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Jimmy Butler joins Bulls, hangs with D-Rose
Question of the Day
A few hours later, they were hanging out and watching the BET Awards on Sunday. How soon it will be before the Bulls’ MVP and their first-round draft pick are on the court together remains to be seen.
With the collective bargaining agreement about to expire and a lockout looming, a huge cloud of uncertainty is hovering over the NBA.
Taken 30th overall last week, the former Marquette standout joins a Bulls team that won a league-leading 62 games and advanced to the Eastern Conference finals before losing to the Miami Heat in five games. It’s another big turn in the dramatic story of a player who was homeless for a while after being kicked out by his mother when he was 13.
With his father out of the picture since he was a baby, Butler bounced between friends’ houses before finally settling in with the family of friend Jordan Leslie and his mom, Michelle Lambert, going into his senior year of high school in Tomball, Texas.
On Sunday, he got quite a welcome to the NBA when he was at the airport.
Rose’s text message was quick and to the point: “Congratulations. Welcome. Come by tonight and just chill out a little bit, get to know each other.”
It’s crazy to know I used to watch him on TV,” Butler said of Rose. “Now, I’m a teammate. I try not to let that show too much, to tell you the truth. He’s a good dude. He’s just like me for the most part. He just wants to win.”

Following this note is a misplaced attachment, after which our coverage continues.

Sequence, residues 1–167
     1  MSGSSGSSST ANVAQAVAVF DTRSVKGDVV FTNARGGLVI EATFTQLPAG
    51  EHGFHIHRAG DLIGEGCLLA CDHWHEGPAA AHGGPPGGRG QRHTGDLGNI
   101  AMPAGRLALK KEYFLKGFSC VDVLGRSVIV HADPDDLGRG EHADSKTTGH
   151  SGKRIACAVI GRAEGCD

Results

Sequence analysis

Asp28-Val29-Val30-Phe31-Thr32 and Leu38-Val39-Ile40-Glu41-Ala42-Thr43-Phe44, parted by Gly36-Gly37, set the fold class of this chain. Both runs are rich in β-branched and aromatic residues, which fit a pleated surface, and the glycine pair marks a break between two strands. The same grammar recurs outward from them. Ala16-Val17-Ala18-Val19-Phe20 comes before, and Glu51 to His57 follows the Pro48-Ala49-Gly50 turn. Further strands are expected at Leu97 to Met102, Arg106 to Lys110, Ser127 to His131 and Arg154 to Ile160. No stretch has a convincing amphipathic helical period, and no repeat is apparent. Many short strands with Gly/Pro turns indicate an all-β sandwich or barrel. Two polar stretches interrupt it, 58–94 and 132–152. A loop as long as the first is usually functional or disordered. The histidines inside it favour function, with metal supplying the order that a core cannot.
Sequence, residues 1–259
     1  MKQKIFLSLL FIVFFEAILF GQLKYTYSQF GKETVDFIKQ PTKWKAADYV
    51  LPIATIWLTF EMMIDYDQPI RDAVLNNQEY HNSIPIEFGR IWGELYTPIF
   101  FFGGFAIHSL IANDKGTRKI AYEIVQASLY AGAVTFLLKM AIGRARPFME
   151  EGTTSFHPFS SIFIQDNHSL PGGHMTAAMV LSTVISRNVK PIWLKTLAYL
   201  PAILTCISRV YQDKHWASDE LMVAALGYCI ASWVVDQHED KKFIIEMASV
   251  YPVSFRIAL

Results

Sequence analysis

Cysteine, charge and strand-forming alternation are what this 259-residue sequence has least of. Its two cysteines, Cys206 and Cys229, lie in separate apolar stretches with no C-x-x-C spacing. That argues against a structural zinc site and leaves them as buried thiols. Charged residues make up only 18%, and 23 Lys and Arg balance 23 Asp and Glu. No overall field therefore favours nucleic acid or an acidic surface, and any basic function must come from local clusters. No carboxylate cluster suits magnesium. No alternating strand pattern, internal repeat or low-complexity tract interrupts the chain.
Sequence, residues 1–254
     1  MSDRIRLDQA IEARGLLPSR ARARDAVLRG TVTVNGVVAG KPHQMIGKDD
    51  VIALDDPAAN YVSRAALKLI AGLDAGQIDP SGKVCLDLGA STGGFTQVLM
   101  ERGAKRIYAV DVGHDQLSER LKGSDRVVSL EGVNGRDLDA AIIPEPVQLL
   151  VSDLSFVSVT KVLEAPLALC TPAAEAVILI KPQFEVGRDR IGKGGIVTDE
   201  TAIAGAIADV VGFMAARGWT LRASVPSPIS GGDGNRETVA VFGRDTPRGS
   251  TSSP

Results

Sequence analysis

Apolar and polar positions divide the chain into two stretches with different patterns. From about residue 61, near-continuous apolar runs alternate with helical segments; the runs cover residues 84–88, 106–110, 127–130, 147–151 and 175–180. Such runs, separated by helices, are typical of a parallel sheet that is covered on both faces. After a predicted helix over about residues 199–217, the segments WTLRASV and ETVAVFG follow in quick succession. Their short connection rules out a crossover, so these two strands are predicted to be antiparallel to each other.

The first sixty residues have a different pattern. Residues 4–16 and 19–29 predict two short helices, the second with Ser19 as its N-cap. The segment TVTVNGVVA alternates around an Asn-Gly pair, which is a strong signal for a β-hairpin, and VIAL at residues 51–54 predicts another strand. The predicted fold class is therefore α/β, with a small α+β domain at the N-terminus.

It would help if the Bulls added an outside shooter, something they were sorely lacking last season, particularly in the playoffs. Butler’s strength is his defense, and although that should make him a good fit for coach Tom Thibodeau, he vowed to extend his jump-shooting range.
The Bulls believe he can do just that after hitting 36 of 94 3-pointers in his three seasons with Marquette. He averaged 15.7 points, 6.1 rebounds and 1.4 steals as a senior and was honorable-mention, all-Big East for the second straight year.
“We felt he had all the attributes that we feel are important to help the team become successful,” Thibodeau said. “I think he showed great progress through his career.”
Considering his story, that’s hardly a surprise. Now, look at him.
There was Butler holding up his No. 21 jersey while posing with Forman and Thibodeau at the end of the news conference. Off to the side was Lambert, the woman he calls “mom,” unable to contain herself.
By Orrin G. Hatch
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